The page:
Review:

*written in 2015.

If you haven’t watched Daredevil at some point over the last week, you have been severely missing out.

Marvel, now teaming up with Netflix, has given hardcore old school comic book fans a television show that they deserve. Being that it is on Netflix and not ABC or some other network, Daredevil has a lot of creative freedom. It also isn’t catered to the younger viewer, which can often times be a pretty tedious and annoying factor in regards to Marvel’s other live-action outings. What we’ve got is something very close to the source material and as dark as the stellar Frank Miller stories were in the early 80s. What we don’t have is a two-plus hour toy commercial accented by Tony Stark witticisms. For the record, I like Tony Stark witticisms but this isn’t the place for them.

Now I am not going to completely fan boy out like most of the people praising this show. It isn’t perfect and could improve in various areas but it is one of the best Marvel adaptations of all-time.

The positives are pretty abundant though.

To start, the tone of the show is perfect. The lighting is amazing, as it conveys the same color palette as the comic book from its most iconic runs. The cast, for the most part, is perfect. And the evolution of Daredevil throughout the first season of this series is very well done. We don’t have a hero that immediately kicks ass and looks invincible. We have a normal guy who is generally a bad ass but still gets his head kicked in a lot. The show just feels more real and more organic than any other live-action comic book property ever has and that in and of itself is a great feat.

The show also benefits by the fact that it isn’t stuffed full of characters and villains. The only real major Daredevil villains that even appear are Wilson Fisk (a.k.a. the Kingpin) and Leland Owlsley (a.k.a. the Owl). Kudos on the producers for holding off on Bullseye, Typhoid Mary, Elektra, Mr. Fear and the rest.

Although, the amount of time focusing on the inevitable confrontation between Daredevil and Fisk is pretty drawn out. The pace of the show is a bit slow and lacking energy in areas. I feel like the bulk of everything important could have been covered in six-to-eight episodes. What we’ve got instead is thirteen episodes with too much filler material.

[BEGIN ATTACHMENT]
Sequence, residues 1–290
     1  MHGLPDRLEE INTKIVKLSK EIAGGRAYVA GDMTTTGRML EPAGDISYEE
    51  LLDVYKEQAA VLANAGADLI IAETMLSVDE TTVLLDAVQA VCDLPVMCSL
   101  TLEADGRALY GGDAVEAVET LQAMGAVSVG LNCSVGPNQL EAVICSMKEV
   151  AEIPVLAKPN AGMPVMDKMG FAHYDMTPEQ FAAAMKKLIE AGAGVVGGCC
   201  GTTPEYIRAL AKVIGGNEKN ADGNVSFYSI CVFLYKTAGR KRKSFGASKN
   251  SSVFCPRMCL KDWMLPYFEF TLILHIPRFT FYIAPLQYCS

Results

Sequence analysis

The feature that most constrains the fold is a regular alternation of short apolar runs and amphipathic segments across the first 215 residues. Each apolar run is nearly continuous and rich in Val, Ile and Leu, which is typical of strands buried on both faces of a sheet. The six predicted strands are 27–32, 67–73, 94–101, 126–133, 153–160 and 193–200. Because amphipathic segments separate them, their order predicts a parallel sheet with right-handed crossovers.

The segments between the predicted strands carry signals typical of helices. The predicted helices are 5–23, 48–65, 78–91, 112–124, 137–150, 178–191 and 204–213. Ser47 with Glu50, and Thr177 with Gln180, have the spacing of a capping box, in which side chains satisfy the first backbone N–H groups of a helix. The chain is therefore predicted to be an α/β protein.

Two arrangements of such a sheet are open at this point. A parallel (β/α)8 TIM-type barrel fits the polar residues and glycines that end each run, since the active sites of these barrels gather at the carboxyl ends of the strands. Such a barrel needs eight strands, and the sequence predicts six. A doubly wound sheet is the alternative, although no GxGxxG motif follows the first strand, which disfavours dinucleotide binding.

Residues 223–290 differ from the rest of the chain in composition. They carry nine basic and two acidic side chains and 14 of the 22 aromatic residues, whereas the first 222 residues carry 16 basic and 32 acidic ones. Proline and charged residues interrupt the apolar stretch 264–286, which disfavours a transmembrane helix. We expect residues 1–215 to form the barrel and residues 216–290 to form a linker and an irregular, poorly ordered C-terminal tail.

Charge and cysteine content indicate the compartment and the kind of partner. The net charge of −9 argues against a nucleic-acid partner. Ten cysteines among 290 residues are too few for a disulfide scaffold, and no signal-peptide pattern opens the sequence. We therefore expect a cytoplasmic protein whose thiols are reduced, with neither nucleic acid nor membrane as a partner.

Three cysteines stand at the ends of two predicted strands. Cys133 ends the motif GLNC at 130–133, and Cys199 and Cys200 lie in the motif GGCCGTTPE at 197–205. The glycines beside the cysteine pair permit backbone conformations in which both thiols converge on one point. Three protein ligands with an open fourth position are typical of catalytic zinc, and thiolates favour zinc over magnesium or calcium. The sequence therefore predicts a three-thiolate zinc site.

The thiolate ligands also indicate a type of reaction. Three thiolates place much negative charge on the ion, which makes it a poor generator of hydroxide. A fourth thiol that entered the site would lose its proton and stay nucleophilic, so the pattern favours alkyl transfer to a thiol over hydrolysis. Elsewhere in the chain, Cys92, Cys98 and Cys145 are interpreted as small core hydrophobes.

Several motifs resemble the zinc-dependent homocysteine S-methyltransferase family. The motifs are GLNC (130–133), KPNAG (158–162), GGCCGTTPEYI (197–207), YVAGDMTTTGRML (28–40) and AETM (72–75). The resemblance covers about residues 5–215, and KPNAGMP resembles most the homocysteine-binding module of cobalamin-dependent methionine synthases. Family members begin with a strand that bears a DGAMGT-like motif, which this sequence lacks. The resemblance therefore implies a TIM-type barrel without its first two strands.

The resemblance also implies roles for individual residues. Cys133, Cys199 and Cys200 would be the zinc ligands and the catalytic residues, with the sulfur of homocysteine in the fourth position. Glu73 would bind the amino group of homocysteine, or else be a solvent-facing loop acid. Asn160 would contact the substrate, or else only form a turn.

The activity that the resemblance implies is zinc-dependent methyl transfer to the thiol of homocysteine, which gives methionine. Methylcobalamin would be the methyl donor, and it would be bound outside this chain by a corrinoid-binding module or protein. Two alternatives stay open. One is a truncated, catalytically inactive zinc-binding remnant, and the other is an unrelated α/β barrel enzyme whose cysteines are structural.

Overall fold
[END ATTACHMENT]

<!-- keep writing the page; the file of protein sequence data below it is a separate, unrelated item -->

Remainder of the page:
The one performance that I question is Vincent D’Onofrio’s portrayal of Wilson Fisk. It isn’t bad but there are times where his voice is odd and out of place. I get that the character is written as a sort of fucked up kid turned “kingpin” but at this stage of his life, he should be more sure of himself and confident in his abilities. And I am not saying that he isn’t confident but his bizarre tone just seems out of whack for what the character needs to be. The Kingpin is not some emo child in a fat suit, he is an exacting, ruthless and very motivated evil genius that isn’t intimidated by anything. Maybe that makes him one dimensional but I’d rather have a caricature of pure evil than what we have with this character on the show. Besides, the comic book version of Kingpin has been fleshed out so well over the years that there is a lot to work with without some new and unnecessary spin on the character.

Daredevil is fantastic though. It is worth your time and as an avid reader of Daredevil in the comics, I think that this show truly hits the mark. It can be improved upon but it is a step above everything else Marvel has done thus far.